It's a triskelion! Get in the car!Probably my most positive experience was on the penultimate level, titled “The Mill”. Here, bubbles fall in batches into the buckets of a three-lobed whirligig, which spins slowly to spill what it holds. The goal is to delete 300 without losing 20. Frequently it’s impossible to nab the last crumbs in a batch. This is a time-pressure level, but it strikes me as having just the right degree of pressure: the mill rotates slowly enough that I wasn’t just frantically trying to pick things off as quickly as possible, I was thinking about optimization. Also, my own victory here was particularly dramatic. There came a point when I was very close to making quota, but the unchainable residue in a batch was going to put me over the limit when it fell. I hadn’t been paying much attention to the nearly-emptied buckets after I nearly-emptied them, so I wasn’t sure exactly when in the cycle they dumped their load, relative to when the new batch came. When the new batch did in fact come just in time for me to win before I lost, it felt like the cavalry had arrived in the nick of time.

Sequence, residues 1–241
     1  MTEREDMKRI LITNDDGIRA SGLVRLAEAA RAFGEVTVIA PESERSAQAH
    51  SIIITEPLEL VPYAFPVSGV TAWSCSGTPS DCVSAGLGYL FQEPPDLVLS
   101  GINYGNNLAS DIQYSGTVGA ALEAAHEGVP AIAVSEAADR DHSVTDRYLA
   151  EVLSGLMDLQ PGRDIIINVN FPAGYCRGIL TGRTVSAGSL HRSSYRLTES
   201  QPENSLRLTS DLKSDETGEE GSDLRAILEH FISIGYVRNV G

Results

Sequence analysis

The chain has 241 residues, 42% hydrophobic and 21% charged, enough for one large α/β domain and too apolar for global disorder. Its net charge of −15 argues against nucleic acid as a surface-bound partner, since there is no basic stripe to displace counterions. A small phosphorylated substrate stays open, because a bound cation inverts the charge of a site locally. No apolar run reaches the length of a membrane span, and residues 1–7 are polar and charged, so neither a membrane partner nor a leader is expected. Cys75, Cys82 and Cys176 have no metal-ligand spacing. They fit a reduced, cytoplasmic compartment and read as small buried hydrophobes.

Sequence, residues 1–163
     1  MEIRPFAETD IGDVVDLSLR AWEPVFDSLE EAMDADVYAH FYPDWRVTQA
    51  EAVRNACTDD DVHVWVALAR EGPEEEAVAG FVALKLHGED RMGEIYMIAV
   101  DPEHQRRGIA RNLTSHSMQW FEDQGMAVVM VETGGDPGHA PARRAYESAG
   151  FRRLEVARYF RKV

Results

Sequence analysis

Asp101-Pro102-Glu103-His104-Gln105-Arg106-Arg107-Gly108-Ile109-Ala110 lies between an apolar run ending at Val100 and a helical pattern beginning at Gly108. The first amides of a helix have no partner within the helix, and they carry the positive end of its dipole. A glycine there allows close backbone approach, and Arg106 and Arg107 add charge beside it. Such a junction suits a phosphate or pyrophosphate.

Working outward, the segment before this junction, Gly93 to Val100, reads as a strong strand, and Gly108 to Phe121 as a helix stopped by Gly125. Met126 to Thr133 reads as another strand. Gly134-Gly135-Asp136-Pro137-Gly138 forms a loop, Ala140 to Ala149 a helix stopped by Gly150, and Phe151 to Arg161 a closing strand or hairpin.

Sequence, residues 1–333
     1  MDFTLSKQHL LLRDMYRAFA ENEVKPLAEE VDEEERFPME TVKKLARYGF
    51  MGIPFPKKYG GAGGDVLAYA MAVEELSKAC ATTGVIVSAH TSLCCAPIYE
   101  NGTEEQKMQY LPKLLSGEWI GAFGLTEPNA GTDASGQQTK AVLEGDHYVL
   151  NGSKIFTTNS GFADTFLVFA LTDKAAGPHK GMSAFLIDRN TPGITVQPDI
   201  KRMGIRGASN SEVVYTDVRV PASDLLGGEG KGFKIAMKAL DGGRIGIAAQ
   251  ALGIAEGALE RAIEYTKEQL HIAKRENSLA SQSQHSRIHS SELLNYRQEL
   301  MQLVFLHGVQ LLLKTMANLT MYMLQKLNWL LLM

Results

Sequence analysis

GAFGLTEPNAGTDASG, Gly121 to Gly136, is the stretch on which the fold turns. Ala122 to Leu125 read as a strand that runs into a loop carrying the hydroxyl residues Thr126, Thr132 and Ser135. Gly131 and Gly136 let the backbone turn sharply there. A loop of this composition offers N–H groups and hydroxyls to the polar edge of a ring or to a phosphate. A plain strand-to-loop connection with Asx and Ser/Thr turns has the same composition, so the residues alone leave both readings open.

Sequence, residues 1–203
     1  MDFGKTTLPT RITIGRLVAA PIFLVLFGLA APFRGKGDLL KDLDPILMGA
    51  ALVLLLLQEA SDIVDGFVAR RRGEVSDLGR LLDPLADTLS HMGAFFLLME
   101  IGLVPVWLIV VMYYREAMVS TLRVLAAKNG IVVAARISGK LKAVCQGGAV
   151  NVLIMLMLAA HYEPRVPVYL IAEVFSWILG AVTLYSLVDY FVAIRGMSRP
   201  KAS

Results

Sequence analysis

Levels in this game end with a peculiar lack of fanfare. There’s always an on-screen display of your progress, but it’s small and doesn’t draw attention to itself, and finishing a time-pressure level usually requires enough concentration that I don’t go looking for it. (The Mill is one of the few that permitted that luxury.) So winning doesn’t involve a great sense of anticipation, and can feel abrupt: you’re in the groove, making chains fast enough to keep pace, and then things just stop. A little text message appears in the center informing you that you’ve unlocked the next level, and would you like to go there now? And that’s all the recognition you get of your accomplishment at that moment. Beating the last level at least takes you to the credits screen, which thanks you for playing.